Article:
IT pro to storm Everest in Bletchley Park cash quest
She's tackled SharePoint, she can tackle ANYTHING
An IT bod has vowed to clamber up Everest to raise £20k for Blighty's National Museum of Computing and Bletchley Park Trust - and she wants sponsorship and people to tackle the trek with her.
Astrid Byro, a tech consultant and publicity officer for the Association of C and C++ Users, is heading to the mountain's base camp, which she has reached before but this time she will be doing it to help preserve computer history.
Astrid during a previous jaunt to Everest
Byro is calling the trip "Astrid's Bloody Challenge", and described the joy of high-altitude trekking thus:
The trek to Everest Base Camp is an exhilarating and truly challenging journey through an alien, craggy, glacier-strewn landscape where oxygen is in short supply and the sun beats down relentlessly.
The sense of achievement in getting a close-up view of Everest is never to be forgotten and worth every little hardship.
Which sounds like a lovely Easter break.
The expedition will leave on 24 April next year, and anyone willing to join should fill out their paperwork by 24 November. Byro said she will, as team leader, share her knowledge and experience of the first 17,598ft of Everest with any newbies who want to come along to the base camp in Nepal.
Climbers can decide which of the two charities - both in Bletchley Park, Buckinghamshire - they want to donate their sponsorship money to. Both organisations have pledged to educate young visitors who are inspired by technology of yesteryear in their exhibitions.
The National Museum of Computing will use the money raised to buy laptops to teach youngsters programming. Bletchley Park Trust will spend the cash on laptops for hands-on code-breaking and cipher classes for the 8,000 schoolchildren who visit site every year as well as historical research sessions and collaborative university projects.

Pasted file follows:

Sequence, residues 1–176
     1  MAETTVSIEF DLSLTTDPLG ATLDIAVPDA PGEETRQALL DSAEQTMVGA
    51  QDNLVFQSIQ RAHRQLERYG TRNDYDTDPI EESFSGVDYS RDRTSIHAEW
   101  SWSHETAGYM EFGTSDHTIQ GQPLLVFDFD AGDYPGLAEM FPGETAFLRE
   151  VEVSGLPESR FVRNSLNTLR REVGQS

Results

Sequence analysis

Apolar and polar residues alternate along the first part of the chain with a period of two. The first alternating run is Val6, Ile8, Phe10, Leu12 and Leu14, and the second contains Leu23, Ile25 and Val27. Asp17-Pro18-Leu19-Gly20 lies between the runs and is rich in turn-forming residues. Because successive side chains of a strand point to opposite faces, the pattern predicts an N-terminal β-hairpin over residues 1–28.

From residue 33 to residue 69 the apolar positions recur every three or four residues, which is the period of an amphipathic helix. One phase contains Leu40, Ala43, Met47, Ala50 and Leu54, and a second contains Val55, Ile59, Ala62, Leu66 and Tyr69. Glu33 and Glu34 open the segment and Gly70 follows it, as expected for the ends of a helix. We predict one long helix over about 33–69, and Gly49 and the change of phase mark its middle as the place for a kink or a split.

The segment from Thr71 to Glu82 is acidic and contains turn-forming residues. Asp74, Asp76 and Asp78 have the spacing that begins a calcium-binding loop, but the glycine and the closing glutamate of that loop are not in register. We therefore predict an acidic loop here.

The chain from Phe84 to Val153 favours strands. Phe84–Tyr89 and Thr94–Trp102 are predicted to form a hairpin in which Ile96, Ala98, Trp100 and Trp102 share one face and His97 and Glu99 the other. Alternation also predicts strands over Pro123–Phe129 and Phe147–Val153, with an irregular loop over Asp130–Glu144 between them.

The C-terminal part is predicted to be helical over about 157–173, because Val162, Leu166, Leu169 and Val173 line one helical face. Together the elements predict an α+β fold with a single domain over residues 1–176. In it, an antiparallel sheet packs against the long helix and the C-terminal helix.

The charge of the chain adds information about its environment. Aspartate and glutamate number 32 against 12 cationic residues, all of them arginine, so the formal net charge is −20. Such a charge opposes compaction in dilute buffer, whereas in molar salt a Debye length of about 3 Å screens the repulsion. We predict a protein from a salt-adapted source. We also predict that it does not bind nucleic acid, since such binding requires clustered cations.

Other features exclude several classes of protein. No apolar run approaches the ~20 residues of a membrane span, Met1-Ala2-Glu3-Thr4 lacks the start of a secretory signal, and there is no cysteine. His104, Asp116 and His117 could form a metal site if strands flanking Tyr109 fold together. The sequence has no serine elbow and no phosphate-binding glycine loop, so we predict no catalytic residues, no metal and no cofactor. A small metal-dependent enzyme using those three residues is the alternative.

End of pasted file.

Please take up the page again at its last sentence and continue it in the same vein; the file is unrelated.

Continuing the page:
Paying for someone's holiday?
Bit concerned that the 'Join her' link implies that if you raise enough sponsorship then your travel and expenses costs for the exhibition are covered. Surely it would be better for people just to donate to the museum rather than paying for someone's holiday?
Hopefully I'm wrong and all the costs are being met elsewhere, but it would be good for that to be clarified.
I'd pay her to not go
Stupid tourist types and climbers are wrecking Everest.
<-- Anything but Gore-tex
Re: Paying for someone's holiday?
Yes, this insanely riles me also. A guy I know (hence the AC) and his wife wanted to raise bunch of money for Diabetes UK, and they climbed Mt Kilimanjaro. I think they were required to raise a minimum of £8k between them, actually raised about £12k between them, and I think no more than £4k went to the charity.
It's a fucking con. You want to climb something for charity, fine, you pay for it, give all the money raised to charity. These charitable 'alternative revenue generation' schemes that charities think up are bullshit, there are lots of people getting very rich off 'charity'.